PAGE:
Transactions of the Wisconsin Academy of Sciences, Arts and Letters
volume XII, Part II (1899)
Jones, Edward D.
Chartism -- a chapter in English industrial history, pp. -529 PDF (6.3 MB)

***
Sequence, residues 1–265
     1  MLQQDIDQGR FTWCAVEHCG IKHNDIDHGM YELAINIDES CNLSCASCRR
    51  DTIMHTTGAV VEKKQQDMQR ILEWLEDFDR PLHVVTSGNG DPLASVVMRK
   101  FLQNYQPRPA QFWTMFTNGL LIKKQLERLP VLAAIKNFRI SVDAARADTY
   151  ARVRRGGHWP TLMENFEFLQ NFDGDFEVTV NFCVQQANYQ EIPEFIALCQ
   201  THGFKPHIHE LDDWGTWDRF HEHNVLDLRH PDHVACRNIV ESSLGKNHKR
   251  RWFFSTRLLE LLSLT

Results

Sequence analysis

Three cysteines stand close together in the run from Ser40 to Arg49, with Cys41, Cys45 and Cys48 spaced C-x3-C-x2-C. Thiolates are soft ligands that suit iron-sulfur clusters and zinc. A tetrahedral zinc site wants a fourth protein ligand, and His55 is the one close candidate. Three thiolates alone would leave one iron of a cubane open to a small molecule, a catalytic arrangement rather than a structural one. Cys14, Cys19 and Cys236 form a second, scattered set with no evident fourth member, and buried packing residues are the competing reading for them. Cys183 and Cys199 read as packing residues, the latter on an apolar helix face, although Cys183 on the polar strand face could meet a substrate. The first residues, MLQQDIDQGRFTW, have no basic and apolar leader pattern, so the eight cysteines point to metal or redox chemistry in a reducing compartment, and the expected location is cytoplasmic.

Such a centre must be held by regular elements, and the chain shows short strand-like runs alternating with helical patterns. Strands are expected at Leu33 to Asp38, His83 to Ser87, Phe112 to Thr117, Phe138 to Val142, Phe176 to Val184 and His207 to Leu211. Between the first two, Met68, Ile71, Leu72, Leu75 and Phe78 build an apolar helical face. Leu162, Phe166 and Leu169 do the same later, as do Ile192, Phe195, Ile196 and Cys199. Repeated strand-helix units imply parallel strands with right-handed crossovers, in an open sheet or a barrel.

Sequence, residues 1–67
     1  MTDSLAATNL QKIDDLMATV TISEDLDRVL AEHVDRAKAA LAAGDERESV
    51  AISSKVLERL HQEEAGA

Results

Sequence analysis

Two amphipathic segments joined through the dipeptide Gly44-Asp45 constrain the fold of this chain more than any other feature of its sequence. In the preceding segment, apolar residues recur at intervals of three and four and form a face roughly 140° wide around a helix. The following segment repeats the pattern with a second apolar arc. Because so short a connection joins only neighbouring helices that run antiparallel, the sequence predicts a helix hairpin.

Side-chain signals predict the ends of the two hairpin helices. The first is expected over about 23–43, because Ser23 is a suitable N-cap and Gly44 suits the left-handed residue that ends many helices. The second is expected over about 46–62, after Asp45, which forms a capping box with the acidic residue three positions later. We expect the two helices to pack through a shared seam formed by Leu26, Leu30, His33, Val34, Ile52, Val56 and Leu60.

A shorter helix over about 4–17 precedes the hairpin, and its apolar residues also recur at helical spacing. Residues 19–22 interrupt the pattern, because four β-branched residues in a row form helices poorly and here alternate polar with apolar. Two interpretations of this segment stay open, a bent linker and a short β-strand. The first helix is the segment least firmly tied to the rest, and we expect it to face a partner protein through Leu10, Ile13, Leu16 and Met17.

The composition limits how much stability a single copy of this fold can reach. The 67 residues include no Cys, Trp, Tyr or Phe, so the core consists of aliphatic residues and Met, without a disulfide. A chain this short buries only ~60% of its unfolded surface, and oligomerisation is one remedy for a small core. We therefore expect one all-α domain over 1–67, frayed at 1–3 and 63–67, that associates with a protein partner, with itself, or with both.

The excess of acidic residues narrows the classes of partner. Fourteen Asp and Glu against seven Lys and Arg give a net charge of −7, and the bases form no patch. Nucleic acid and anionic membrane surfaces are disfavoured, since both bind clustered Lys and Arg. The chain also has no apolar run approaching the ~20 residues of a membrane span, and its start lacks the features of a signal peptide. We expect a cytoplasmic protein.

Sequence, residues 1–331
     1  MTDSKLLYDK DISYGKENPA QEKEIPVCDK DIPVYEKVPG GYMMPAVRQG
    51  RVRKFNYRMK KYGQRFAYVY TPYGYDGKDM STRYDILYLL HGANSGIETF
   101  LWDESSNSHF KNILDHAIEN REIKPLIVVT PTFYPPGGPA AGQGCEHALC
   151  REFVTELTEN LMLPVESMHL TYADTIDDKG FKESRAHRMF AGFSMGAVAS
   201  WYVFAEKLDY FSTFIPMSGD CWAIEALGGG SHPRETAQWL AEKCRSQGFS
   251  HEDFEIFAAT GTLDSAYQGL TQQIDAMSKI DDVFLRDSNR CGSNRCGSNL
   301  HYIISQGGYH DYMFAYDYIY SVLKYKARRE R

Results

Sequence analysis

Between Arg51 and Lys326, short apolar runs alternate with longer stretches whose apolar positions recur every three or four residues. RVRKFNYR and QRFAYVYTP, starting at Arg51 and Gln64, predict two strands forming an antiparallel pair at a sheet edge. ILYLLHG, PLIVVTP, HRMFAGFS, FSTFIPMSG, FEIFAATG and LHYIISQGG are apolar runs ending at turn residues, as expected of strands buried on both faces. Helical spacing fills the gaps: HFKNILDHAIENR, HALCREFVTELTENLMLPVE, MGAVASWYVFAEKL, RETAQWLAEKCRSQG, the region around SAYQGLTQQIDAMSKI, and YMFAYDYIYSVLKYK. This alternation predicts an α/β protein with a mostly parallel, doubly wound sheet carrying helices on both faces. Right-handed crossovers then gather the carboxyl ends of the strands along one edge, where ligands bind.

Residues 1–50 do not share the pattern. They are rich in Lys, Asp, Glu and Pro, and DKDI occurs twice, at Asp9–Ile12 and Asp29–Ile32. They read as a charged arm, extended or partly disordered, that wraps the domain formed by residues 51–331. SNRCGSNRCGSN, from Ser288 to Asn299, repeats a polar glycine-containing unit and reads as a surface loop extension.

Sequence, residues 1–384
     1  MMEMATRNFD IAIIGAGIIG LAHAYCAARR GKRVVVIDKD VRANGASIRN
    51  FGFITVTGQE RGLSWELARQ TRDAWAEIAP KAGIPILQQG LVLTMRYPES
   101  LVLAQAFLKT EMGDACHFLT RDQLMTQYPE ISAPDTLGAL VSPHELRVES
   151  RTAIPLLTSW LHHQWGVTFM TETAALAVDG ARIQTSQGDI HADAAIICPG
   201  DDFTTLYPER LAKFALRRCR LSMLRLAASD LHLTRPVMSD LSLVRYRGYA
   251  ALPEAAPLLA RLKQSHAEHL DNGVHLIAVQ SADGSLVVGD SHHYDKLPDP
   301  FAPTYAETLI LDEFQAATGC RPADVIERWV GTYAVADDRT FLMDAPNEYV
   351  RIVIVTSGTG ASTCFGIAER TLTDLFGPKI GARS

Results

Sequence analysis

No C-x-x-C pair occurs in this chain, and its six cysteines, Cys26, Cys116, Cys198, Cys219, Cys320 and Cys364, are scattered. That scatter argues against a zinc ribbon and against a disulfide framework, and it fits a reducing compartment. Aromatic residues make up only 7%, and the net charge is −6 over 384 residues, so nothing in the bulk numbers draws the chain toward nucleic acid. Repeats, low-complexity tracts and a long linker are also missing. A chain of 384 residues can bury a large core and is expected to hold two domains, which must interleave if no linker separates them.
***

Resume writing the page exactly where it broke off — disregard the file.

Jones- Chartism. and other vagaries. No one, except the Chartists, has asked for it, and they will rest satisfied with nothing short of the whole. The middle classes are content, and so are nineteen- twentieths of the working people; but this will be of no avail against indistinct terrors, ignorant uneasiness, and speculative, not social, policy. A sanitary bill would, in five years, confer more blessing and obliterate more Chartism than universal suffrage in half a century; but the world, when ill at ease, flies always to politics. and omits the statistics of the chimney-corner, where all a man's comfort or discomfort lies. 1 There is a good deal of wisdom in this comment but no one now thinks of call- ing the movement for the " enlargement of the franchise " which so fundamentally reconstructed English government, a "vagary.' To the argument of this extract it is only fair to append the Chartists' answer which might assume the form of a ques- tion: What chance of success would a sanitation bill or any other radical measure of reform have had in the old aristocratic Parliament supported by a restricted suffrage? The violence of the French Revolution ended Chartism by opening the eyes of the more conservative and reasonable classes of England to the dangers toward which extremists were lead- ing agitation. It precipitated the division of society into two classes; on the one hand, those who felt they had more to gain than to lose by the maintenance of the existing order, and, on the other, such as believed they could improve their fortunes by revolution, As soon as this destinction was clearly drawn Chartism was at an end. Chartism introduced the masses to the larger issues of social and political life, and it is not to be wondered at if they blund- ered after the fashion of a player learning a new game. It must not be forgotten also that many criminal and violent men and many demagogues preyed upon the Chartist movement. We should discriminate their acts from the acts and opinions of the majority. A, few turbulent Physical Force leaders engineered the farce of 1848; the majority staid quietly at home. A view of Chartism to some degree sympathetic, is necessary to enable 'Hodder, I" Life, etc." p. 393. 526
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